A cremator operates the furnace in which human remains are reduced to bone fragments and gaseous chemical compounds. He normally works alone, but sometimes has an assistant to help slide the caskets into the furnace. Some cremators also act as funeral directors. A cremator may work for a small, family-owned funeral home or for a large organization.
The job of a cremator requires a basic understanding of science and knowledge of how the crematory furnace works. After he starts the furnace, he normally checks all gauges and thermostats to make sure they are operating properly. He then calibrates the furnace to reach the high temperatures required for the procedure and sets the timer based on the casket materials and body weight of the deceased.
At the end of the process, the cremator waits for the furnace and its contents to cool. He then uses tools to extricate the unburned parts of the casket from the furnace’s interior. These parts are normally made of metal or other non-flammable materials.
Normally, the next step of the cremation job is to carefully scrape the bone fragments, typically referred to as ashes, into a designated container. The remains are commonly rather coarse and are usually broken down to a fine texture by a machine called an electric cremated remains processor. This process may also be done by hand.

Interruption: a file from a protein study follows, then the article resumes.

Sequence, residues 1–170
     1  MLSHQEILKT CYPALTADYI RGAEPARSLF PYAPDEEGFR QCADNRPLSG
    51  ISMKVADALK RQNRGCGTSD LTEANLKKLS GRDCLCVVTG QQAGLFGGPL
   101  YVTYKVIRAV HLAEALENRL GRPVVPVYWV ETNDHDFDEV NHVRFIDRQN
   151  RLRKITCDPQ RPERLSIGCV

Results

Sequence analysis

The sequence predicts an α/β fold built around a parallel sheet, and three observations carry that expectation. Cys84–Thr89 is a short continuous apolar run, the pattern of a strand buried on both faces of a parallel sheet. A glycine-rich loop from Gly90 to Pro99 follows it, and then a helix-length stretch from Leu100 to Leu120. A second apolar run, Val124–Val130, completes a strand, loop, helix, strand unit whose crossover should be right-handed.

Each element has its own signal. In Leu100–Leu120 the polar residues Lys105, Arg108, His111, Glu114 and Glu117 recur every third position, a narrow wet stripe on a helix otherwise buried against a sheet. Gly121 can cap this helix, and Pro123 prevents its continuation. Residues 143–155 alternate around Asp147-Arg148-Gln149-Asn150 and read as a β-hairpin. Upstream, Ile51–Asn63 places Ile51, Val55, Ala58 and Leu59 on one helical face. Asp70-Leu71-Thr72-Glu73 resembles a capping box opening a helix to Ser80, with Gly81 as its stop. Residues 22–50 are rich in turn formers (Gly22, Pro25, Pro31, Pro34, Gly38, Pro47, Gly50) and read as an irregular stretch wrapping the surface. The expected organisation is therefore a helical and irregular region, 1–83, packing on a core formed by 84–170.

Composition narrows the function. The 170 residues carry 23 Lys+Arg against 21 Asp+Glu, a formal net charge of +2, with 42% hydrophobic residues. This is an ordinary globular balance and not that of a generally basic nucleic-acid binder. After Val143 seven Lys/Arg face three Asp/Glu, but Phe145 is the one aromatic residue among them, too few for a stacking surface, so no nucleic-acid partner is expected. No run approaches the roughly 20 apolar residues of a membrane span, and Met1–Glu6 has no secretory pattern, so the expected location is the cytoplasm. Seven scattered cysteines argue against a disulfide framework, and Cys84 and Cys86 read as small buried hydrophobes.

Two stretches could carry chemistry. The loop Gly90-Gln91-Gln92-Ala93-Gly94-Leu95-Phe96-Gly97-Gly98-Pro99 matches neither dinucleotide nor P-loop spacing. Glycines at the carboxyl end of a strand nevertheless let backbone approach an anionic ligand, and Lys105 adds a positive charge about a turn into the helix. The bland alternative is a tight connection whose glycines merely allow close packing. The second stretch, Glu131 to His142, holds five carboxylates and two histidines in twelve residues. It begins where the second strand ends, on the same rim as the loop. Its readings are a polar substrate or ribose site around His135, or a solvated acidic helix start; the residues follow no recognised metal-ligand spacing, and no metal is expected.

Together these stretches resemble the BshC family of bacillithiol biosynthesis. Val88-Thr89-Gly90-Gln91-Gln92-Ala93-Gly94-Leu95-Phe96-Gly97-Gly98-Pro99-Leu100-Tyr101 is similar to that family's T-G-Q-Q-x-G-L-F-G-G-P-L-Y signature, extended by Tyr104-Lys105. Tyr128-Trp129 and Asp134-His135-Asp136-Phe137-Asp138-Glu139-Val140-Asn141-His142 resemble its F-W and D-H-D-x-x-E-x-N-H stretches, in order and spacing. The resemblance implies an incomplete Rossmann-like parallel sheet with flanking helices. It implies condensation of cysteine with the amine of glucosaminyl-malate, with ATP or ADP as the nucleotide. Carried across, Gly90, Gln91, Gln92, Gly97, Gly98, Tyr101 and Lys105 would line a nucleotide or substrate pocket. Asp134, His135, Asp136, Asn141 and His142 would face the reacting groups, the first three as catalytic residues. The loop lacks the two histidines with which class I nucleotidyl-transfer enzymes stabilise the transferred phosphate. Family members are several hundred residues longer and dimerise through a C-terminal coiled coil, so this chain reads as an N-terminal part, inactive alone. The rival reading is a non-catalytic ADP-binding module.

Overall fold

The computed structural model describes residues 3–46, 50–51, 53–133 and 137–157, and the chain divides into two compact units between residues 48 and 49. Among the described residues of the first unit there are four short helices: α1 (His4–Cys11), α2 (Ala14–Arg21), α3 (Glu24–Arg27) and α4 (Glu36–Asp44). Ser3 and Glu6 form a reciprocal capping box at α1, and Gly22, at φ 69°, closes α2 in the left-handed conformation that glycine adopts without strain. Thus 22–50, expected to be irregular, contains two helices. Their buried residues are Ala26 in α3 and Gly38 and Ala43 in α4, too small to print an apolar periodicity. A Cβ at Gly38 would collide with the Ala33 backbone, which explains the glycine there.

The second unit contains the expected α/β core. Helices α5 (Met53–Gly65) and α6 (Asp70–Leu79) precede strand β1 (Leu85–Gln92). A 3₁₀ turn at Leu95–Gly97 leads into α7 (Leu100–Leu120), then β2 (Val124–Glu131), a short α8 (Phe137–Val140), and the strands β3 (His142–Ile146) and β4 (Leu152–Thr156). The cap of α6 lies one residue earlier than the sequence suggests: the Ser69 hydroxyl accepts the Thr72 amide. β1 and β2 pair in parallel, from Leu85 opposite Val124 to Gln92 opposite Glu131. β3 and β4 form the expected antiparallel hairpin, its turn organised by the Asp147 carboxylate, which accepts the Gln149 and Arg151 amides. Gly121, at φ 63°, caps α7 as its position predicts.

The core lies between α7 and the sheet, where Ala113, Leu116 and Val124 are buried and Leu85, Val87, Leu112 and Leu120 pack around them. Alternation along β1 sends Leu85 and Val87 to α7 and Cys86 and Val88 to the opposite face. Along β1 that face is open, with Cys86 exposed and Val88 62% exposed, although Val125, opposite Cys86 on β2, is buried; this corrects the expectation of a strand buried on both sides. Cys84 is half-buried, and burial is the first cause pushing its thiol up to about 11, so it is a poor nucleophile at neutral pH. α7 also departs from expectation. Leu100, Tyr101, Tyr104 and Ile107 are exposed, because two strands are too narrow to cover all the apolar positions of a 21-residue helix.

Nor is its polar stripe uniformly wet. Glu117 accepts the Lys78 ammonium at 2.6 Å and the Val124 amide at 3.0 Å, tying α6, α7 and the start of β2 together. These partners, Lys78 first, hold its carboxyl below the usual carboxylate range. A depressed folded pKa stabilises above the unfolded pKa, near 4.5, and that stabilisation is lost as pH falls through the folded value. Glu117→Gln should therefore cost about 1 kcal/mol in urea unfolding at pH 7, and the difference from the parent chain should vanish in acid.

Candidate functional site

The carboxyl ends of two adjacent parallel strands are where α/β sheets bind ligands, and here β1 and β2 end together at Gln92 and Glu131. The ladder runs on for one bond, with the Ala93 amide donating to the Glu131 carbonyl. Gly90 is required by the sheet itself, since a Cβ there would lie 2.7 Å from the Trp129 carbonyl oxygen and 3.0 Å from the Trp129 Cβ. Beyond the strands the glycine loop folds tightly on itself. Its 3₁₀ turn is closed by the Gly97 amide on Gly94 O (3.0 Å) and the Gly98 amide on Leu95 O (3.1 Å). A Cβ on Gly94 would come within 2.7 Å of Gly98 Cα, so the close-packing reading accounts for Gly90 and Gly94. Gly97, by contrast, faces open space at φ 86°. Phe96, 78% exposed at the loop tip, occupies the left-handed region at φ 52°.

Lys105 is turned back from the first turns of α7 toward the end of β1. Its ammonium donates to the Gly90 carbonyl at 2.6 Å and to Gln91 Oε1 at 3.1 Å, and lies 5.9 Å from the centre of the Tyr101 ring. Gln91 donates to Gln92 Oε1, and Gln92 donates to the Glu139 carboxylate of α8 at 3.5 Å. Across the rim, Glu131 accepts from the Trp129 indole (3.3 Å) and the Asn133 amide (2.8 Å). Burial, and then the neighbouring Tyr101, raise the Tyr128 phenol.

The cremator generally then sifts the sand-like material through a fine screen. Any remaining superfluous materials are removed from the mixture before it is transferred to a cardboard box or canister. The desired end product should be fine enough to be easily scattered without any additives. The average weight of cremated remains is around 6 pounds (2.7 kg) for men and 4 pounds (1.8 kg) for women.
The receptacle is generally labeled with the name of the deceased as well as the person to whom the remains are to be transferred. If any jewelry or other personal items remain, he traditionally packs them separately for return to the family. He generally maintains accurate records of all parts of the process.
Maintaining a clean and tidy crematorium is customarily part of the cremator’s job. He is also typically required to assist in the care of the property’s landscaping and memorial service area. Following local and regional guidelines for crematory practices is an important part of his job. Keeping the crematory equipment up to code is also a common job responsibility, as is ensuring all local and regional permits are current.
To become a cremator requires only a high school diploma or equivalent. Most cremator jobs offer on-the-job training. Good mechanical skills and attention to detail are desirable attributes for job applicants.